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Image of April 14, 2018 provided by the US Navy, which shows the guided cruise missiles. The USS Monterey (CG 61) fires a Tomahawk ground attack missile. EFE / EPA / Matthew Daniels
Image of April 14, 2018, provided by the US Navy, which shows the guided cruise missiles. The USS Monterey (CG 61) fires a Tomahawk ground attack missile. EFE / EPA / Matthew Daniels

How Trump keeps paying allegiance to Putin, even in Syria

The intervention of the Donald Trump government in the Syrian internal conflict has been only for the benefit of the Assad regime and, consequently, for the…

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Hidden in the jungle

May 26th, 2022

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Last Saturday the international community woke up with the news that a coalition between the United States, the United Kingdom, and France would have coordinated a strike on "three targets that will impact the Syrian regime’s to develop, deploy and use chemical weapons in the future" explained Marine Corps Lt. Gen. Kennet F. McKenzie Jr., director of the Joint Staff during a press conference on Saturday morning.

Mckenzie described the facilities as "fundamental components of the regime's chemical warfare infrastructure."

The coalition hit the Barzah Development and Research Center outside Damascus with 76 missiles, "destroying the facility" and, the US military claimed, "setting back Syrian chemical weapons capabilities for years."

Immediately, the US president turned to Twitter to ensure that the attack had been "perfectly executed" thanks to the collaboration of France and the United Kingdom. "Mission accomplished," he added.

Nothing could be further from the truth

First of all, President Trump has failed to maintain a consistent line on the US role in Syria: Defeating ISIS? Let others solve the issue? Or "punish" the Assad regime for the use of chemical weapons?

“In theory, there is not necessarily an inconsistency between a targeted, multilateral strike against chemical weapons sites and the withdrawal of troops that have been fighting ISIS. But the strike does really call into question the wisdom of pulling back American forces now in highlighting the question of what our objective really is in Syria,” said Meghan O'Sullivan, deputy national security adviser during the Bush administration, to the New York Times.

As the media continues, the attack "essentially left in place the status quo on the ground. It did very little if anything to weaken Mr. Assad beyond any chemical weapons stores it destroyed, leaving him to continue waging war on his own people through conventional means."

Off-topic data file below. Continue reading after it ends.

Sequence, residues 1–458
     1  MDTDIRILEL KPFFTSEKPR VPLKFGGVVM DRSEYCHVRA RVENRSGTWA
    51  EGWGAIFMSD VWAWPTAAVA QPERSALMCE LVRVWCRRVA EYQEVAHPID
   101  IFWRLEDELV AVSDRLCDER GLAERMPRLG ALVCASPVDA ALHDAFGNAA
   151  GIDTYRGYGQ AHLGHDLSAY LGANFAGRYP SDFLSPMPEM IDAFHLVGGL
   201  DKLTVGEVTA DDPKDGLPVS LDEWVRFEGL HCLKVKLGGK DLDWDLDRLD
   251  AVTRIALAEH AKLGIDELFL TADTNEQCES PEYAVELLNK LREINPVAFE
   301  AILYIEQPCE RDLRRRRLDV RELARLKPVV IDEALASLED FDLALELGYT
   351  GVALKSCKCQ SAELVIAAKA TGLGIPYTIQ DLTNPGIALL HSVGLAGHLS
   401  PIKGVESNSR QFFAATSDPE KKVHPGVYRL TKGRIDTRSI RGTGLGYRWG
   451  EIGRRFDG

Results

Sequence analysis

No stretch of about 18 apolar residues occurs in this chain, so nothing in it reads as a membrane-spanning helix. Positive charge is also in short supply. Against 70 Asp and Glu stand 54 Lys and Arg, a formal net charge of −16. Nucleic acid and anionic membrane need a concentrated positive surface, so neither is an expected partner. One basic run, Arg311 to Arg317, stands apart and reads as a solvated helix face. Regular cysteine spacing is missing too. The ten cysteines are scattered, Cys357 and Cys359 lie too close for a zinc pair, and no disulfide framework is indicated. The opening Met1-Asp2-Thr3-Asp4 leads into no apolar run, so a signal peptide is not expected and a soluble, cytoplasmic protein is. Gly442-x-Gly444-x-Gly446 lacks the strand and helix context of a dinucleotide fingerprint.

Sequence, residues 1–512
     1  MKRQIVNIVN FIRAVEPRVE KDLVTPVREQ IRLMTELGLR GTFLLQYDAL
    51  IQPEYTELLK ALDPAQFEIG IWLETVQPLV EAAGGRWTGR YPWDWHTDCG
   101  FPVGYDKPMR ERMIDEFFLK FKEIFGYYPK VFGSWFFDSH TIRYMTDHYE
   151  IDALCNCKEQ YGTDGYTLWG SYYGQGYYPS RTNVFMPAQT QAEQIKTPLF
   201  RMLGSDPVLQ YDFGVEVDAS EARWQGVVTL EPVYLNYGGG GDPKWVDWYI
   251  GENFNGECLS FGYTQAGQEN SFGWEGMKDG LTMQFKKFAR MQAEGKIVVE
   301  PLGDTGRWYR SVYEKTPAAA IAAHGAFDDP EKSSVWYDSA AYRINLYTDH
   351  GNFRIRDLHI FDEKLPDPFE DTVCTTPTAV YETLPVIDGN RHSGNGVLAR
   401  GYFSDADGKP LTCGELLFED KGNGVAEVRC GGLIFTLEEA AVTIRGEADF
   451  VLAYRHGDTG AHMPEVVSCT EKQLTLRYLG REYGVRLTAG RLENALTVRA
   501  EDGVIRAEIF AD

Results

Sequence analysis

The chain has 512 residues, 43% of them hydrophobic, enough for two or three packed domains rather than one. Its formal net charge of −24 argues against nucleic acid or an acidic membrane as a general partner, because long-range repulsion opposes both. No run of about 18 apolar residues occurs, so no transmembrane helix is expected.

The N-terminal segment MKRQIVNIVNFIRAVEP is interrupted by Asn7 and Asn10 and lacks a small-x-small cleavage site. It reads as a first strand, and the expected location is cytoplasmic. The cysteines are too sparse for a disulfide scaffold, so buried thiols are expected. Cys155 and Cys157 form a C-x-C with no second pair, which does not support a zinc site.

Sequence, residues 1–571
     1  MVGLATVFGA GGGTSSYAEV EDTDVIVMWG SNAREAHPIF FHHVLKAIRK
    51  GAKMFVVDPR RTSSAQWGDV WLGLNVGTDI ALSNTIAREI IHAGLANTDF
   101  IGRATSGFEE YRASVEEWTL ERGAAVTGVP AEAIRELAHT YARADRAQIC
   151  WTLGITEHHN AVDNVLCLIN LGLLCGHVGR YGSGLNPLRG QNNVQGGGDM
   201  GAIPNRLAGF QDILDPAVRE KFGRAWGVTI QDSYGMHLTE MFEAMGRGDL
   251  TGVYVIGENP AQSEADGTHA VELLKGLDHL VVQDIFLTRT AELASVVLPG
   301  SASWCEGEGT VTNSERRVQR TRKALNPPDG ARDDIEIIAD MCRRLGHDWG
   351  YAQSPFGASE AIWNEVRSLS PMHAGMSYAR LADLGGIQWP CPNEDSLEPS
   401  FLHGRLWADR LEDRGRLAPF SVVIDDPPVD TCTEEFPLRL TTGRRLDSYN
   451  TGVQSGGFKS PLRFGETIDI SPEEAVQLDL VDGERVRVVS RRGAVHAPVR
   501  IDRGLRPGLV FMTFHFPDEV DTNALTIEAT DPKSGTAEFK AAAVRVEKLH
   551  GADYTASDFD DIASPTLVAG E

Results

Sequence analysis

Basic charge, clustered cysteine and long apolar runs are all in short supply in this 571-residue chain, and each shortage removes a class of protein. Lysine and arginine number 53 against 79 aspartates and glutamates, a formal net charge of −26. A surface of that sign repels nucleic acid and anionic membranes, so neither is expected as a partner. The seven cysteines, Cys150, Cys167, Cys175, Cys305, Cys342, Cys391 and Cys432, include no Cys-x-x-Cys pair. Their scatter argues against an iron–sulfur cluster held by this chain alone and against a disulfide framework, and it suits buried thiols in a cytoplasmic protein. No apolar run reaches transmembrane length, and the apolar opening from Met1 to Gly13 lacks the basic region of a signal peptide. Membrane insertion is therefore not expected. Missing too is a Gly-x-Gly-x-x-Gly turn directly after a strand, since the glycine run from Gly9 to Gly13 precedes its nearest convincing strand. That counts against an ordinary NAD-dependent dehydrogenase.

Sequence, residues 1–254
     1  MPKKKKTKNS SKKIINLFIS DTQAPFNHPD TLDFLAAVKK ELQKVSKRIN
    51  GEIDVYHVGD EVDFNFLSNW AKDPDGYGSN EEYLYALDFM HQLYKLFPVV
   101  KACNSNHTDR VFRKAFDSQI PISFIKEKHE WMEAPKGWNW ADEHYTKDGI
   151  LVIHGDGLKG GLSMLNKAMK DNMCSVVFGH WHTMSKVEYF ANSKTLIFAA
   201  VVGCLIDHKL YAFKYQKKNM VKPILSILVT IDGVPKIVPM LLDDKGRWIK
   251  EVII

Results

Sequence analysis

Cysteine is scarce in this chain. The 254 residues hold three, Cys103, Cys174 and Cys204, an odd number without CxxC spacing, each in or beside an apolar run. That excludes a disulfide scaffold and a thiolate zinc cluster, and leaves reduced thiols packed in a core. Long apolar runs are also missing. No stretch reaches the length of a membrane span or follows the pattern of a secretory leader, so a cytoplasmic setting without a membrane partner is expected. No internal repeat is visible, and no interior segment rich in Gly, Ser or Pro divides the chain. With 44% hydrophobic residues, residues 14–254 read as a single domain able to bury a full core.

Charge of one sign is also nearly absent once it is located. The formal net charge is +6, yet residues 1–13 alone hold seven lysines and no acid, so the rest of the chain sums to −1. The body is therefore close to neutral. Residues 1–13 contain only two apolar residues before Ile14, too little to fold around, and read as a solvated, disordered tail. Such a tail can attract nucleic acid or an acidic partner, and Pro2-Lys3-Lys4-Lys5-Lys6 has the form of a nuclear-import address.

In fact, and according to Vice President Joe Biden's national security adviser Colin H. Kahl, President Trump "wisely avoided hitting regime targets where there was a significant risk of killing Russians."

From the other side, the attack has been seen in a totally different way.

Mission accomplished ... for Russia

As reported by the Washington Post, Syrian President Bashar al-Assad "praised" the Russian weaponry on Sunday, while "his government celebrated victory over rebels" in the area where the alleged chemical attack took place more than a week ago.

Despite Trump’s celebration on his "enormous success" in the attack, in Syria "it is being interpreted as a win for Assad because the limited scope of the strikes suggested that Western powers do not intend to challenge his rule", the Post continues.

And what is a victory for Assad is, irremediably, a victory for Putin.

"Yesterday we saw the American aggression, and we were able to counter it with Soviet missiles manufactured in the 1970s," Assad said on Sunday, as quoted by the Russian news media.

To all eyes, this "delicate" attack only aimed to maintain a facet of rudeness, avoiding touching, even with a petal, Russian interests.

"Vladimir Putin has yet another piece of evidence that President Donald Trump will steer away from a direct confrontation with him, even though, in any kind of military conflict in the Middle East, it would be the Russians, not the Americans, who by far would have the worst of it," Cohen continues.

In Syria, the damage is still intact

From March 15, 2011, to March 11, 2018, around 500,000 people have died in the Syrian territory, according to data from the Syrian Observatory of Human Rights, of which 353,935 are civilians (meaning children, women, youth, adults, and people in general who never took sides).

Similarly, since October 17, 2012, the al-Assad regime has carried out 84 chemical attacks on its population, claiming the lives (in a slow and tortuous way) of almost 1,100 people, especially children, according to data from the United Nations.

Meanwhile, western governments continue to turn a blind eye, avoiding tripping over themselves inside the territory, and attacking useless corners that only make them seem weak before the Syrian regime.

For a government that toppled Saddam Hussein in 1998 in just four days; which killed Osama Bin Laden in two days in 2011, the United States has simply fallen short of its support for the Syrian people.

"We thought it would be much bigger than this," said Syrian journalist and activist Ahmed Primo. "Assad might have used chemical weapons this time, but he’s been indiscriminately targeting civilians for years. Hundreds of thousands of people have been killed; hundreds of thousands of people have been disappeared. After seven years of war, we don’t believe that anyone will come to help the Syrian people anymore," the Post quoted.

Opposition journalist Hadi Abdallah agrees on this when he wrote on Twitter that "according to the cowardly statements and the weak attack by the West, Assad is allowed to use all kinds of weapons to kill us except the chemicals. The international community has set him free as a monster to annihilate the Syrian people."

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